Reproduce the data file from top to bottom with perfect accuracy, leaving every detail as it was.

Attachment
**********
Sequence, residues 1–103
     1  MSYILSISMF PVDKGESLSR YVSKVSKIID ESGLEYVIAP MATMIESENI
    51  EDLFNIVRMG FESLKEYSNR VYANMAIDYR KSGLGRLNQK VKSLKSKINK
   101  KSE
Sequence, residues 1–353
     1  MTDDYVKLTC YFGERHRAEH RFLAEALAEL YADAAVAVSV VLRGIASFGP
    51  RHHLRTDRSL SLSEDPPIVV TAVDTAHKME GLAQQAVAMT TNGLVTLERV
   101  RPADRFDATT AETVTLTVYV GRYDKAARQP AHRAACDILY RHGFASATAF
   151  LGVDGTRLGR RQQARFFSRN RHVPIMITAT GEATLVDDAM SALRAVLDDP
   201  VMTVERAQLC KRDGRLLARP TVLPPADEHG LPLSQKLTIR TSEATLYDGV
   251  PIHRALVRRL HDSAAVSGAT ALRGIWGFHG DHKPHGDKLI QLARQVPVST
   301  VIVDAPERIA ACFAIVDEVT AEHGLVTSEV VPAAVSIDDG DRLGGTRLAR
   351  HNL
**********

Sequence, residues 1–103
     1  MSYILSISMF PVDKGESLSR YVSKVSKIID ESGLEYVIAP MATMIESENI
    51  EDLFNIVRMG FESLKEYSNR VYANMAIDYR KSGLGRLNQK VKSLKSKINK
   101  KSE
Sequence, residues 1–353
     1  MTDDYVKLTC YFGERHRAEH RFLAEALAEL YADAAVAVSV VLRGIASFGP
    51  RHHLRTDRSL SLSEDPPIVV TAVDTAHKME GLAQQAVAMT TNGLVTLERV
   101  RPADRFDATT AETVTLTVYV GRYDKAARQP AHRAACDILY RHGFASATAF
   151  LGVDGTRLGR RQQARFFSRN RHVPIMITAT GEATLVDDAM SALRAVLDDP
   201  VMTVERAQLC KRDGRLLARP TVLPPADEHG LPLSQKLTIR TSEATLYDGV
   251  PIHRALVRRL HDSAAVSGAT ALRGIWGFHG DHKPHGDKLI QLARQVPVST
   301  VIVDAPERIA ACFAIVDEVT AEHGLVTSEV VPAAVSIDDG DRLGGTRLAR
   351  HNL